Finding The Funny In Chekhov's Careful Observations Of Human Foibles
Artists, neighbors, creditors, spouses--if you don't know these types of people, you will. And if you already do, you'll meet them again. Currently in production at Spotlighters Theatre, Just for Laffs! An Evening of Chekhov features five selections from Seven Short Farces by Russian short-story writer Anton Chekhov. These hilarious shorts showcase exactly how brainless people can be, with men and women at their nonsensical best.
In "Swan Song," bleary-eyed actor Svetlovidov (J.R. Lyston) stumbles onstage, still in costume, drunk and wheezing. He laments his life: "Sixty-eight years down the drain and it won't come back." He wallows in monologues before poor Nikita (Branch Warfield), who actually lives in one of the theater's dressing rooms. He brightens when reminiscing about a beautiful woman but can't go on with his life. Yet he keeps coming back, reviving himself long enough to regress. Nikita even trades lines from various plays with Svetlovidov in hopes of restoring his confidence, but to no avail; Svetlovidov continues to waffle and waver, vacillating between pride and despair.
In "The Proposal," nervous guy Lomov (Charlie Mitchell) asks Chubukov (Mark Squirek) for the hand of his daughter Natasha (Taylor Craig). Chubukov gladly fetches Natasha, who starts chatting with and goading Lomov without knowing his intent. To broach the subject, Lomov recounts their families' history as neighbors. He mentions a plot of land that he owns, but Natasha stops him. The land belongs to her family. Lomov disagrees. Natasha insists. She tackles him. After Chubukov breaks them up and Lomov leaves, the original reason for Lomov's visit slips out--much to Natasha's mortified dismay.
For "The Bear,"reclusive widow Yelena (Kathy Ireland) encounters Smirnoff (Russ Addis) when he shoves his way past her servant Luka (Warfield) to collect a debt owed to him by her late husband. Yelena tells him to come back in two days. Smirnoff refuses; he needs the cash now. Yelena leaves the room; Smirnoff plants himself in a chair. When she returns, their arguing culminates in a duel. While Yelena goes to get the guns, however, Smirnoff finds himself less adamant and more attracted to her gutsy, spitfire desire to kill him.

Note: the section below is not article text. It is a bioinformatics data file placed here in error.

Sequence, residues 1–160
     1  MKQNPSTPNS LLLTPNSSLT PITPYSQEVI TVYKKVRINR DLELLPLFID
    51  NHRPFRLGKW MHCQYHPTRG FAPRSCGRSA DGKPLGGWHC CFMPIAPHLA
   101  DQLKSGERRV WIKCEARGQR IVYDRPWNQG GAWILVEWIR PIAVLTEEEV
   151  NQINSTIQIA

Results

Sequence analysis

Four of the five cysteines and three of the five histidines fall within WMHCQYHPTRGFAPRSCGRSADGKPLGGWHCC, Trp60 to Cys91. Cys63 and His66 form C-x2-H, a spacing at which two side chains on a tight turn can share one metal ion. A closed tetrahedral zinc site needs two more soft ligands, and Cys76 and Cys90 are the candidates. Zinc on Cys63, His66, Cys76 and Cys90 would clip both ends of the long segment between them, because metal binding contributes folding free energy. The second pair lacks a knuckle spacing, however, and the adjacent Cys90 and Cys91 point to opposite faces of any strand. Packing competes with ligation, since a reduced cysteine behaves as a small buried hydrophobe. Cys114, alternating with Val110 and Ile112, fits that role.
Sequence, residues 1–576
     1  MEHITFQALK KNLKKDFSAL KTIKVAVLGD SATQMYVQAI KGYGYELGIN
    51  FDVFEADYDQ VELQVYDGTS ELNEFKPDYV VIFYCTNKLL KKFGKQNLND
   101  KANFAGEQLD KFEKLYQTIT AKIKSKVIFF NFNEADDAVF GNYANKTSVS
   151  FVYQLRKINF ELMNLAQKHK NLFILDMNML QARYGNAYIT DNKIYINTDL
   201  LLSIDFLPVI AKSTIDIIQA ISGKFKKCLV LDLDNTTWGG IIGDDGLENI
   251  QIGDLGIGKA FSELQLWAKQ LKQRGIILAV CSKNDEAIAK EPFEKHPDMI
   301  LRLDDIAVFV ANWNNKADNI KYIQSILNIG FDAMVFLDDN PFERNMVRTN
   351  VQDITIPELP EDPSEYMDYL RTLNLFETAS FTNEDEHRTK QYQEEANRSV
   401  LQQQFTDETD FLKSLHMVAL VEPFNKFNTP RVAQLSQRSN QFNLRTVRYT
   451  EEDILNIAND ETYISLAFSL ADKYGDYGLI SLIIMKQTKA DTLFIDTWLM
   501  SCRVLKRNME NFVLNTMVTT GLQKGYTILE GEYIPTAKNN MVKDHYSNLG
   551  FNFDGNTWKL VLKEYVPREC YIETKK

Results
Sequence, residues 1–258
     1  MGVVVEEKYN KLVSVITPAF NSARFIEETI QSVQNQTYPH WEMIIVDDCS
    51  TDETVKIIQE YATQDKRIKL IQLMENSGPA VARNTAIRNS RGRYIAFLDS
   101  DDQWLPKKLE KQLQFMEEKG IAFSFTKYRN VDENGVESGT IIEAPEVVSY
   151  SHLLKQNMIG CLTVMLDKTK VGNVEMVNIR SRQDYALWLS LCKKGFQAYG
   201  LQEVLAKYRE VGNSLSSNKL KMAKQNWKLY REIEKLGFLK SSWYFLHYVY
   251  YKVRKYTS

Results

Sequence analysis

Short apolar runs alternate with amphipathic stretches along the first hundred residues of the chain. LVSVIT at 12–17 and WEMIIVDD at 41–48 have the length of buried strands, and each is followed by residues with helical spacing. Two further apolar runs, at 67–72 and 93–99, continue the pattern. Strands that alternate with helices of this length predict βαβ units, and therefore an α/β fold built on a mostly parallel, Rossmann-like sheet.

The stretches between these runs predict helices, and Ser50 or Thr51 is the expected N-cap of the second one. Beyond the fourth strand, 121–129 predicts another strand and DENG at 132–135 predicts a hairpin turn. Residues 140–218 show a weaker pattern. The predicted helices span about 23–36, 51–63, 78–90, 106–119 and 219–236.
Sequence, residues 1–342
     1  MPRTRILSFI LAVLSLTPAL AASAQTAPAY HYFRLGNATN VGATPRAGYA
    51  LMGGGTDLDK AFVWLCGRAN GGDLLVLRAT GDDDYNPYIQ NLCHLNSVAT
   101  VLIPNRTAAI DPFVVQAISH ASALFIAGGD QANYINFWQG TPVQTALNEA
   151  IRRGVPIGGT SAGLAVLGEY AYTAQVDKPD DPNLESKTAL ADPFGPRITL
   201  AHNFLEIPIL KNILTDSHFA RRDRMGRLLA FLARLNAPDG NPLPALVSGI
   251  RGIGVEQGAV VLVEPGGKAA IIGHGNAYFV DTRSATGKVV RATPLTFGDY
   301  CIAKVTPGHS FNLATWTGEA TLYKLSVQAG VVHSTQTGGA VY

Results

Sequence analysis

"A Reluctant Tragic Hero" features Tolkachov (Squirek) asking Murashkin (Addis) to lend him a gun. Murashkin balks: "What's so bad?" Tolkachov, distraught, sits down and starts talking about what it means to be a married man in the summertime. You rent a place in the country. You're roped into doing favors for your wife, your wife's friends, your neighbors, your neighbors' friends, and friends of friends of your wife and neighbors. You go into the city with multiple lists of multiple things--and it just gets worse. "I have become a psychopath," Tolkachov says. "Nobody understands how I feel." To retain his sanity, he implores Murashkin for his sympathy: "Please tell me you understand."
The evening concludes with "The Festivities," in which overworked bank clerk Heerin (Lyston) is writing a speech for manager Schipuchin (Mitchell) to read at a celebration commemorating the growth of their branch due to begin in a few hours. In walks Schipuchin's blond chatterbox wife, Tatyana (Craig). She starts talking, absently scattering everything on Heerin's desk. She eventually leaves, but then another woman arrives. Merchutkina (Ireland) begs Schipuchin for money because her husband is unemployed. "I'm just a poor, weak woman," she repeats. Tatyana returns. Finally, Schipuchin asks Heerin to throw Merchutkina out--but Heerin misunderstands.
Laffs! is a production in which everyone stars. Addis' finest performance is as the imposing, blustering, ga-ga Smirnoff. Squirek hints at and lends glimpses of his ability as Chubukov before completely engaging as the gasping, overrun, end-of-his-rope Tolkachov. Ireland is maddeningly competent as the neurotic and totally inappropriate, out of place, and oblivious Merchutkina. Craig sports infinite potential and fresh talent as both Natasha and Tatyana, and the dynamic between her and Mitchell--aptly afflicted as Lomov, helpless as Schipuchin--is believable. Finally, Warfield is indispensable, providing understated yet unwavering support in four of the five plays.
Blending from one set into the next, Laffs! railroads the audience with characters that are disturbingly, mischievously familiar. The Spotlighters players are blunt and uncompromising in their deft exaggerations, highlighting all the petty antics and hysterical inconsistencies of which humans are capable. Ultimately, the production introduces an intriguing, little-known combination: Chekhov and comedy. Who knew?
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